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After utterly dominating international sports car and prototype racing throughout the latter 1970s with its Group 5 935 and Group 6 936 competition models, Porsche scored its 3rd Overall Le Mans victory with the 936 in 1981. Since upcoming FIA rule changes for 1982 rendered the 936 obsolete, Porsche engineers set to work designing its Group C successor, the 956, just two weeks after the company’s latest Le Mans triumph. Restricted only by certain key dimensions, cars of the new Group C class would quickly populate a number of important international racing series, including World Sportscar Championship events, the German Interserie, and North American IMSA competition during the 1980s and 1990s. Numerous manufacturers fielded Group C challengers in works and customer variations during this glorious era, with all demonstrating cutting-edge aerodynamics, lightweight materials, and potent powerplants as some of the most technically interesting and spectacular prototype competition cars ever designed and built.
As Porsche’s first all-new racer in over a decade, the twin-turbocharged 956 marked a departure from the 936, itself sharing much with Porsche’s late-1960s prototypes. While just 10 works and 17 customer cars were built, the 956 proved brilliant almost immediately and scored four consecutive Le Mans 24 Hour victories (1983–1986). While virtually unbeatable, the career of the 956 was limited by a wise movement among regulatory bodies mandating that foot-pedal boxes be placed behind the front axles for improved driver safety. Designed with a slightly longer wheelbase and repositioned pedal boxes, plus a built-in steel roll cage, the 956-derived 962 was outwardly similar to the 956 and inspired by Porsche’s desire to compete in high-profile IMSA events in the company’s extremely important North American marketplace. Competing in IMSA GTP, the 962 utilized a completely air-cooled flat-6 engine with a single turbocharger, derived from the 934.
For 1984, the 962’s debut IMSA racing season, five cars were constructed, with Al Holbert and Derek Bell co-driving to four wins. Availability of a larger 3.2-liter engine gave the 962 a virtual stranglehold on the IMSA GTP series, with the cars proving dominant through 1993. Victories were many, including five outright wins in the Daytona 24 Hours. A derivative of the IMSA GTP 962 was the 962C, introduced for the 1985 World Endurance Championship (WEC), using the twin-turbocharged engine specification similar to the 956. The 962C was a ferocious performer that dominated the 1985 WEC series in the hands of Derek Bell, Jacky Ickx, and Hans Stuck; however, despite strong qualifying times at Le Mans, a Joest Racing 956 took the overall win that year. Again for 1986, the 962 ruled, with the WEC renamed the WSPC (World Sports Prototype Championship). At Le Mans, Porsche’s works team entered three cars for 1986 and while two retired, the sole remaining 962C held on for the win. Another win would come in 1987 at Le Mans, just one of over 180 total victories scored by the 962 and 962C from 1984 to 1993. Surprisingly, a few road-going versions of the 962 were built by Koenig, DP Motorsports, and Dauer, with a Dauer-built 962 street car tweaked under Vern Schuppan winning the 1994 24 Hours of Le Mans.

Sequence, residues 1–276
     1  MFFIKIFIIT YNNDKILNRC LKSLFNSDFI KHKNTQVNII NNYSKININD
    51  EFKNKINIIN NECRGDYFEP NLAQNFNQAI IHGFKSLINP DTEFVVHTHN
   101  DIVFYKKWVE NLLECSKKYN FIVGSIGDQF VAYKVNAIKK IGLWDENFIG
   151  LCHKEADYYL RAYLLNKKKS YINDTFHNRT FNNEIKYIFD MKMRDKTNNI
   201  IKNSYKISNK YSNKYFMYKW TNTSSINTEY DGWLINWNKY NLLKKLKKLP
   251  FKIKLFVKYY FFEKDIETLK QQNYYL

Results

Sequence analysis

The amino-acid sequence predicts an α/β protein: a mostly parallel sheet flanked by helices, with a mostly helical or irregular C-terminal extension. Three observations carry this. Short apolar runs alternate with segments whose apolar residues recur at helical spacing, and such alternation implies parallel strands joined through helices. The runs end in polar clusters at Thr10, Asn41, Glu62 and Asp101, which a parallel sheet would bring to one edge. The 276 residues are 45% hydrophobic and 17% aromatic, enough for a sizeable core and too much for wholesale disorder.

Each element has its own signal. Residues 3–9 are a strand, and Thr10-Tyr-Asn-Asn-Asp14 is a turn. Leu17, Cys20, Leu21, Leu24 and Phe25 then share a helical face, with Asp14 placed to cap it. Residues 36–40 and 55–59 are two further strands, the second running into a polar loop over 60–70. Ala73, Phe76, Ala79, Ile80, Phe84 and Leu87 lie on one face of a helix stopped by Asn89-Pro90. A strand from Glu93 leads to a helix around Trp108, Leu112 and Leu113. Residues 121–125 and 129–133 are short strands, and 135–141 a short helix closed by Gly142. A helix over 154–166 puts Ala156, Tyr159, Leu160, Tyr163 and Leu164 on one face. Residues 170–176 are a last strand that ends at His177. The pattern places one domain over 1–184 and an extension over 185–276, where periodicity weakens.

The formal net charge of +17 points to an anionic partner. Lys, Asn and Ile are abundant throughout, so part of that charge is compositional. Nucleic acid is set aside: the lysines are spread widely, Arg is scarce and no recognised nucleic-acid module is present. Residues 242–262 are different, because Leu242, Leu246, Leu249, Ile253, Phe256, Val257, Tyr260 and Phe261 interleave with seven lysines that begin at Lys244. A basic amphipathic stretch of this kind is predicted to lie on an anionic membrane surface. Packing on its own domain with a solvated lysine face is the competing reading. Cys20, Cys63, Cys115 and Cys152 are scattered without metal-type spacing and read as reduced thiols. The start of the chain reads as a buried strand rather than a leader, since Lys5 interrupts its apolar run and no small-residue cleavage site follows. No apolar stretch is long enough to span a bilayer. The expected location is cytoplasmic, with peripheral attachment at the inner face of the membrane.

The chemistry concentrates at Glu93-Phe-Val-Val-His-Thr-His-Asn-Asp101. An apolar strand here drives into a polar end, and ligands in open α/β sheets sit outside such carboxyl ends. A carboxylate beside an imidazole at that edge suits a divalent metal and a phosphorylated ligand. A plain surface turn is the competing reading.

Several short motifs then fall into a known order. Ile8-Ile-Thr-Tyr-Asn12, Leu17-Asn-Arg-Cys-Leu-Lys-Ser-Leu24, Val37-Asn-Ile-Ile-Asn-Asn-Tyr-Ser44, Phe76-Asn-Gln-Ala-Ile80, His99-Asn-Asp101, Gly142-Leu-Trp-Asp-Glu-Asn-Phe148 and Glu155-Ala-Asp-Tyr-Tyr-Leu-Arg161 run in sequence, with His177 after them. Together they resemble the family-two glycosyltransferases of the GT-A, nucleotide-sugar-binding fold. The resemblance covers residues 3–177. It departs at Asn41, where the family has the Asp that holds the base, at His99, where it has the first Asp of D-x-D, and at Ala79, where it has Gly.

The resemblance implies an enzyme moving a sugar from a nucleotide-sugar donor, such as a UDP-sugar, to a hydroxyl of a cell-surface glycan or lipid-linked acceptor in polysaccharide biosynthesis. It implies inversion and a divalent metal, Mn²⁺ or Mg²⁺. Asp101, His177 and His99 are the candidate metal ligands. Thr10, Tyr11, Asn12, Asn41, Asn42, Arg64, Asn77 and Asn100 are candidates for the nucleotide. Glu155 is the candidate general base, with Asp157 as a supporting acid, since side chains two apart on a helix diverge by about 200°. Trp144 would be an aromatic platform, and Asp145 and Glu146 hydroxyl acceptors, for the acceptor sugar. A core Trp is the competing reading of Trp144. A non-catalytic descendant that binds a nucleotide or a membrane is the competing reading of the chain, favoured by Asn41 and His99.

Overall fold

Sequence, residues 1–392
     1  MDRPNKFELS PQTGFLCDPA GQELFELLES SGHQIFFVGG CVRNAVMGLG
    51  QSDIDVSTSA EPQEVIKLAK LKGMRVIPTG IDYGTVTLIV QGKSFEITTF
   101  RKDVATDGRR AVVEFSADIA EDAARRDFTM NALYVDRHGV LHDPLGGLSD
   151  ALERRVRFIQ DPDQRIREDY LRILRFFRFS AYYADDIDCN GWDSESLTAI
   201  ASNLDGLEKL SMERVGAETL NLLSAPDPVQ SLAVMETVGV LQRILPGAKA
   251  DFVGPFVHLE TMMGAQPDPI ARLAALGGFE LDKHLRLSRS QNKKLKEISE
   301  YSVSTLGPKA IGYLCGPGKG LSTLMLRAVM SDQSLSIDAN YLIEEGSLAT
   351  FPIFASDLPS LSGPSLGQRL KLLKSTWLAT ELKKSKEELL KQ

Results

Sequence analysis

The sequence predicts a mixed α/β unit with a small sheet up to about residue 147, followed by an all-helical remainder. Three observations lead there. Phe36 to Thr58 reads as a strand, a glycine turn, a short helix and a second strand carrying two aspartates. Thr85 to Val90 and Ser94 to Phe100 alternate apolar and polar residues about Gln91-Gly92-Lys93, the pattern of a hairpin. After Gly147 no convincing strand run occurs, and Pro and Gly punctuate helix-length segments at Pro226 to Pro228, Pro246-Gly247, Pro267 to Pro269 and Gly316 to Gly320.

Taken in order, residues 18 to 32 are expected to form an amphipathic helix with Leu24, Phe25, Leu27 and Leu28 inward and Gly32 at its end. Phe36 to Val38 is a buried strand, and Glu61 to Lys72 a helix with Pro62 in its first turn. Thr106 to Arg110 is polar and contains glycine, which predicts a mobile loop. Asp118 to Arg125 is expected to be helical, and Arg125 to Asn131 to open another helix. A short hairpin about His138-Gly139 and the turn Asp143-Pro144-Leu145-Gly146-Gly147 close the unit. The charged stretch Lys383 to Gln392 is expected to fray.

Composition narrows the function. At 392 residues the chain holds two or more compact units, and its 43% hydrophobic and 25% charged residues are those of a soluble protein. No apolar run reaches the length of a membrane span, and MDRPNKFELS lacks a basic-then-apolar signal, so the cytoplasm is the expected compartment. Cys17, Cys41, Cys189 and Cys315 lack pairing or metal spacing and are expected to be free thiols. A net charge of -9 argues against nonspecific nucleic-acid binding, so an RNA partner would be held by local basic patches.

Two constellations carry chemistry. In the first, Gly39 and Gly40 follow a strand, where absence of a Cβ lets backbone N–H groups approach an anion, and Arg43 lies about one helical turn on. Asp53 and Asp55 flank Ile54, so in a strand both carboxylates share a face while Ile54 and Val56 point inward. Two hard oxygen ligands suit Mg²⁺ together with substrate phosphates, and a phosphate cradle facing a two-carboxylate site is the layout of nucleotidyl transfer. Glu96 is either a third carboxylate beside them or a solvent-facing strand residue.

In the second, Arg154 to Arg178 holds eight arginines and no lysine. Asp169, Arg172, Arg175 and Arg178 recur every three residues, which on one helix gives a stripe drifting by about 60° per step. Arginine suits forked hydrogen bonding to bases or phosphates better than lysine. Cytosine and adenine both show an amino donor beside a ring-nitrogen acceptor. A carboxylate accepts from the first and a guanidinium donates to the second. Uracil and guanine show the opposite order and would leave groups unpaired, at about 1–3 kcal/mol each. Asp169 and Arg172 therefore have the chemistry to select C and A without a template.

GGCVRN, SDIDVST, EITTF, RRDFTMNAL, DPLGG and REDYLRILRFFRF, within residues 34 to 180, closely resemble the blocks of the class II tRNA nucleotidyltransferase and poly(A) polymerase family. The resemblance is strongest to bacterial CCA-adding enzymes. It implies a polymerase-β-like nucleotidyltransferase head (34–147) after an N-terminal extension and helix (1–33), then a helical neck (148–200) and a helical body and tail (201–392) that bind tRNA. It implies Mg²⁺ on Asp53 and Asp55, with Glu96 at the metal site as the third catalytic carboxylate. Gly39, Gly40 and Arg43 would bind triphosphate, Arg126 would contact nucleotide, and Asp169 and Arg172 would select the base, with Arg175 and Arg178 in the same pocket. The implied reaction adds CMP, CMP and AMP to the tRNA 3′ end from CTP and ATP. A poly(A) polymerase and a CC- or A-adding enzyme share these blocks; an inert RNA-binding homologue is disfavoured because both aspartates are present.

Customer cars were also raced to great success by such top-echelon teams as Joest, Kremer, and Walter Brun’s Repsol Petroleum-sponsored Brun Motorsport team. Active from 1983 through 1992, Brun Motorsport GmbH was a Swiss racing team founded by Walter Brun and exclusively racing Porsches. Among the team’s achievements, Brun Motorsport won the World Sportscar Championship in 1986 using the 962C. As 962 production eventually wound down, Porsche’s 1983 Le Mans-winning driver, Vern Schuppan, persuaded the factory to continue building a run of customer cars based on the 1988 works specification. Seven were built by Porsche, three of them allocated to Brun Motorsport and among the last 962s built by the factory, including 962-163, the example offered here.
Chassis 962-163 contested two races during the 1990 World Sports Prototype Championship, the first being on September 23 at Montreal with Jesus Pareja and Walter Brun co-driving. The next outing for 962-163 was the October 10 race in Mexico, again with Brun and Pareja. The Porsche retired from both races. With Brun becoming involved with F1 during the early 1990s, this car’s front-line career may have been over, but it would go on to remain essentially as last raced, making it an exceptional, benchmark-quality survivor, retaining original 962 bodywork, Repsol sponsor graphics, and unmistakable racing livery. Prior to its acquisition by the consignor, 962-163 was part of the renowned Group C collection of Henry Pearman. Importantly, it even retains a correct twin-turbocharged 962C engine from the pool of racing engines built and supplied by Porsche for the model. A virtual time warp from one of the most thrilling eras in all of modern motor sports, this Porsche 962 offers many possibilities for the new owner, quite possibly the opportunity to participate in historic Group C events.
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